“Obviously, we won’t be growing it too much because it’s constrained,” Singh said. “But…we can try to get some physical and financial hedges in place to protect ourselves.”

Dell’Osso noted that the Marcellus is “the highest return asset in our portfolio. What you’ve seen us do over the last couple of years is as there’s been market capacity, we’ve been willing to fill it. Should that continue to play out, we would look to do the same thing…

“We generally believe that the market should be filled by Marcellus volumes before any others,” said the CEO. “If you think about the supply stack, and we own a lot of it, if there’s an opportunity to do so we’ll continue to do that..If there became an opportunity in the future to grow volumes in that basin, we would be eager to do so.”

How Much Natural Gas Is Chesapeake Producing?

Meanwhile, natural gas production rose in the fourth quarter, and it’s tracking to climb further this year. Gas production reached 2.7 Bcf/d, with nearly all of it from the Marcellus and Haynesville shales. The Marcellus accounted for 1.3 Bcf/d, with the Haynesville at 1.2 Bcf/d. 

The liquids-rich production from the Eagle Ford in the final three months averaged 92,000 boe/d. 

For 1Q2022, Chesapeake is forecasting natural gas output will average 2.0-3.1 Bcf/d. Full-year 2022 gas production is expected to average 3.6-3.7 Bcf/d. 

Total net oil and gas production during 4Q2021 was 539,000 boe/d, 85% weighted to natural gas and 15% total liquids. On average, nine rigs were running in the quarter, with 32 wells drilled and 35 turned to sales. For the year, production averaged 462,000 boe/d, with seven rigs used to drill 122 wells. Last year, 130 wells also were turned to sales. 

Chesapeake today is operating 11 rigs, with two in the Marcellus, six in the Haynesville and three in the Eagle Ford Shale. By the end of March, the plan is to drill up to 50 wells and place up to 50 to sales.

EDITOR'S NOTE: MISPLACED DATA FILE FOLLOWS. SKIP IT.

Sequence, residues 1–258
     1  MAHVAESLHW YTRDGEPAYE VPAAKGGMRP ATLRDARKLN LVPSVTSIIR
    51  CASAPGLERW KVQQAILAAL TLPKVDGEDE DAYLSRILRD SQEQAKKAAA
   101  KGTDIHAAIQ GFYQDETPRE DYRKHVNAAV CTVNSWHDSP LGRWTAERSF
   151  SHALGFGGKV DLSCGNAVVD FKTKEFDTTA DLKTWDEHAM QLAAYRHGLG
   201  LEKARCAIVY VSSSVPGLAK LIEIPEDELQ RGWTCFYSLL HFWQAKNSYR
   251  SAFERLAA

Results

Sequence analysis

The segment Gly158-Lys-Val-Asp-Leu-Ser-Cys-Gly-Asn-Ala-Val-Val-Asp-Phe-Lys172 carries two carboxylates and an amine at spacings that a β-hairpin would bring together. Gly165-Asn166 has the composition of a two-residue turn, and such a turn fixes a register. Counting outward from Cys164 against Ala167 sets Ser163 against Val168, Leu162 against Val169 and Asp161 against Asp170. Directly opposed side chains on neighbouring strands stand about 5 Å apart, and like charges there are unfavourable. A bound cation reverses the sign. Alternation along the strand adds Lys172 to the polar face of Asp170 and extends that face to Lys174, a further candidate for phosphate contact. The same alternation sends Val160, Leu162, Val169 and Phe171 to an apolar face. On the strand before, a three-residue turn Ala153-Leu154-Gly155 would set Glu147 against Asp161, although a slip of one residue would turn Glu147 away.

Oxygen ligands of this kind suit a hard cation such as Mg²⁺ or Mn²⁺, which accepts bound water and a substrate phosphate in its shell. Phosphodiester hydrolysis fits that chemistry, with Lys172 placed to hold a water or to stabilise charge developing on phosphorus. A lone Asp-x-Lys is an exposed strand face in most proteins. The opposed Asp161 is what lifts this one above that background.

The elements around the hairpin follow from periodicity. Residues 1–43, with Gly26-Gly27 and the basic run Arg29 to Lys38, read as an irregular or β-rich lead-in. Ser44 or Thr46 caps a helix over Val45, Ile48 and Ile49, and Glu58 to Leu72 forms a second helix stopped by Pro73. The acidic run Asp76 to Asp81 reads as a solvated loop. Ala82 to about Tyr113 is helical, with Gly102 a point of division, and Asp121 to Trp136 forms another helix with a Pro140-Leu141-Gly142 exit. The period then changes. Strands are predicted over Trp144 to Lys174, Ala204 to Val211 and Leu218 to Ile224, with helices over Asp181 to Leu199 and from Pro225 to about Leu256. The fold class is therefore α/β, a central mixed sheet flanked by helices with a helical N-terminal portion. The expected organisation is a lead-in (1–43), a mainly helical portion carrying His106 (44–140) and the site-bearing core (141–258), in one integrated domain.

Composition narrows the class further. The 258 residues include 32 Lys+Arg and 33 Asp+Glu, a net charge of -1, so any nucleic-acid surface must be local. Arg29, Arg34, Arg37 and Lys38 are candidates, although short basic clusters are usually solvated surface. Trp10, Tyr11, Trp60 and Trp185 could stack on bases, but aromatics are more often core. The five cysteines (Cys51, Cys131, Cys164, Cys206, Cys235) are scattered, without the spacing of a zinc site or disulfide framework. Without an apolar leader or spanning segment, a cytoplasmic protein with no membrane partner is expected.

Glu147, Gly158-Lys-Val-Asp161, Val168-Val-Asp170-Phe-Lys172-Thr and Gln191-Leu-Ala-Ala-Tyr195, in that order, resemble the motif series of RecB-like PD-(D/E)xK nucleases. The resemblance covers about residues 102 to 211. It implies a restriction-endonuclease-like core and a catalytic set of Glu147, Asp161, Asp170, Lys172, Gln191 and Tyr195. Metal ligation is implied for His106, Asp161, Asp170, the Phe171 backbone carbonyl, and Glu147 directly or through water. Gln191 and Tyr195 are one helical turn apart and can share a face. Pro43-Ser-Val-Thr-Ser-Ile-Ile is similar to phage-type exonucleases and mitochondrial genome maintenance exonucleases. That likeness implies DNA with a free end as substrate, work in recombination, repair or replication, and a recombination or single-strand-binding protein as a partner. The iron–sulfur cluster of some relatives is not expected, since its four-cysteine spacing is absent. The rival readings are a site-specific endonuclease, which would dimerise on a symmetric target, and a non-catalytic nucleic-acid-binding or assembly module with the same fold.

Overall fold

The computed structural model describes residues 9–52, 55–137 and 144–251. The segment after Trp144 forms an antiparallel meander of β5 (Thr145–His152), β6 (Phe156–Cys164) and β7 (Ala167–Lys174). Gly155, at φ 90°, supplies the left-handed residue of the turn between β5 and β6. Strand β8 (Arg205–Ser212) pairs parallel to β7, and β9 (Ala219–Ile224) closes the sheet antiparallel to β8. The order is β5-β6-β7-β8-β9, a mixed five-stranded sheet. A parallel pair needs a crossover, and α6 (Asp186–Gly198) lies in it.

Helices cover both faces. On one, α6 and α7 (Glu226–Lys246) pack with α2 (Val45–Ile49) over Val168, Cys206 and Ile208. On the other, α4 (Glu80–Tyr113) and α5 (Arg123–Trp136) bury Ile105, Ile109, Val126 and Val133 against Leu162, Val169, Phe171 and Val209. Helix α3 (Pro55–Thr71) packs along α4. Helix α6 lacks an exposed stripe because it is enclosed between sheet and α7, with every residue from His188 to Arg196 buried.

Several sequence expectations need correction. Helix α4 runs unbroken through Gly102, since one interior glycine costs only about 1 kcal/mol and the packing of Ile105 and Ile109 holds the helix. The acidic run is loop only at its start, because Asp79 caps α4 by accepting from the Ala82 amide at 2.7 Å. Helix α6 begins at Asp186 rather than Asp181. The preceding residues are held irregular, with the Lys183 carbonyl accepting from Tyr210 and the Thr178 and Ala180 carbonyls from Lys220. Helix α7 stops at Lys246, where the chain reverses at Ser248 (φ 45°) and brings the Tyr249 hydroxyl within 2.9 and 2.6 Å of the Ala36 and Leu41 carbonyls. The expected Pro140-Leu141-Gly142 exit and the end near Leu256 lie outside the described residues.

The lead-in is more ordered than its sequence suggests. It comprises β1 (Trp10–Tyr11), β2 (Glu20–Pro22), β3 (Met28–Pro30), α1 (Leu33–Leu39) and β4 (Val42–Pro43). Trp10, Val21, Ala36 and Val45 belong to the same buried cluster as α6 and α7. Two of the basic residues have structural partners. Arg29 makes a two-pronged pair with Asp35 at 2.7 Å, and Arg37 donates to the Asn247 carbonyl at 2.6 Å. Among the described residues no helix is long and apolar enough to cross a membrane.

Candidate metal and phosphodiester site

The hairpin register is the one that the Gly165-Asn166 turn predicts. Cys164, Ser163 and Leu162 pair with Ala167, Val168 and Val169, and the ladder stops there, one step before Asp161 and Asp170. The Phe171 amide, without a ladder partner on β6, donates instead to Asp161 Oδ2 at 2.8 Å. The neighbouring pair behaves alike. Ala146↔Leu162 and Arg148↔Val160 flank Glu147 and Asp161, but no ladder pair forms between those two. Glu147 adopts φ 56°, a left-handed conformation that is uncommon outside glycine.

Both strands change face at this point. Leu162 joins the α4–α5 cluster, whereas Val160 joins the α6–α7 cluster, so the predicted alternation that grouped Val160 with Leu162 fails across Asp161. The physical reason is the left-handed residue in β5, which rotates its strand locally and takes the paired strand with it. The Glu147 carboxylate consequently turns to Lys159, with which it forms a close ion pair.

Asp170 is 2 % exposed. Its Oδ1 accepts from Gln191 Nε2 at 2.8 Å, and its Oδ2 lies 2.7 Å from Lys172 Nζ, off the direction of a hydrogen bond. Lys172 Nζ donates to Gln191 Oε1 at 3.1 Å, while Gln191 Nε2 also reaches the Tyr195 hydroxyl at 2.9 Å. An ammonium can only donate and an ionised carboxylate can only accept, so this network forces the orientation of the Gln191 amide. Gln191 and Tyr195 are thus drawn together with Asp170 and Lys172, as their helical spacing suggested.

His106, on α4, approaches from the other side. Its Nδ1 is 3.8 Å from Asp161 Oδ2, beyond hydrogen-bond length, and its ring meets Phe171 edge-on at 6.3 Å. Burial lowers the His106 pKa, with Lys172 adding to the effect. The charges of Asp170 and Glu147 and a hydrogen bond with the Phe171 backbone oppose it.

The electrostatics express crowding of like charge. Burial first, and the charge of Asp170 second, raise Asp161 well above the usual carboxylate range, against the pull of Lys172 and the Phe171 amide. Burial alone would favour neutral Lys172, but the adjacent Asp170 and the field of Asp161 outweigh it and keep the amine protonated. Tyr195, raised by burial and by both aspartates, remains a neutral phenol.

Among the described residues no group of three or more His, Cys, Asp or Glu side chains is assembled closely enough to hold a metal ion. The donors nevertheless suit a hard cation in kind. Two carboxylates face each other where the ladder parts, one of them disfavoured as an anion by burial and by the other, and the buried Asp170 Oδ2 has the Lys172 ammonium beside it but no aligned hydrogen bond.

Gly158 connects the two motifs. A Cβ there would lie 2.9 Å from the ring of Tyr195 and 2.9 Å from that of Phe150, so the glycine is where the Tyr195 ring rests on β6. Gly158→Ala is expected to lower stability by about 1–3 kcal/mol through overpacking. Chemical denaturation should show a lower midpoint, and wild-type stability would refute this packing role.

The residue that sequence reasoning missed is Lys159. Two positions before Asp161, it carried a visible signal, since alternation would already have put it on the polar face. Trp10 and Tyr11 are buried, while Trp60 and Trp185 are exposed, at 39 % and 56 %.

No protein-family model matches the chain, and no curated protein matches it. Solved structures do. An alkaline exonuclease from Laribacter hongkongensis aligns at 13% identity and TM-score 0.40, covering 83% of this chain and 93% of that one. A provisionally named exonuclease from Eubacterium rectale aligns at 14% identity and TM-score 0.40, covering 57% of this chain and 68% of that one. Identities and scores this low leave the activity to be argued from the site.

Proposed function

On the environmental, social and governance (ESG) front, Chesapeake’s Haynesville gas is now 100% certified, with the Marcellus gas supply expected to achieve 100% differentiation by the end of this year.

Chesapeake has set a goal by year’s end to ultimately market as certified more than 3 Bcf/d net from the Haynesville and Marcellus combined.

In December, Chesapeake became the first company to certify all of its Haynesville gas operations jointly under the MiQ methane standard and the EO100 Standard for Responsible Energy Development. More than 840 continuous methane emissions monitoring devices have been placed in Louisiana legacy assets and in the Vine acreage, which was certified by Project Canary’s Trustwell process.

In Pennsylvania, Chesapeake installed 950 methane monitoring devices on its legacy acreage and expects in April to begin installing 330 devices on the acquired Chief acreage. Certification of the legacy Pennsylvania assets is expected to be completed by mid-year, with the Chief assets certified by year’s end.

More than $30 million is earmarked for ESG initiatives, with plans to retrofit more than 19,000 pneumatic devices by the end of this year. In addition, the company’s goal is to reduce reported greenhouse gas emissions by 40%, with methane emissions cut by 80%. Chesapeake also launched an ESG microsite in December dedicated to ESG reporting and progress toward its climate-related targets. 

Chesapeake restructured last year after declaring bankruptcy in June 2020.  Once completed, Chesapeake qualified for fresh start accounting, which means its consolidated financial statements after Feb. 9, 2021, were not comparable with previous financial statements.  

Chesapeake during 4Q2021 posted net income of $1.43 billion ($11.13). Net cash provided by operating activities totaled $563 million, with an unrestricted cash balance of $905 million.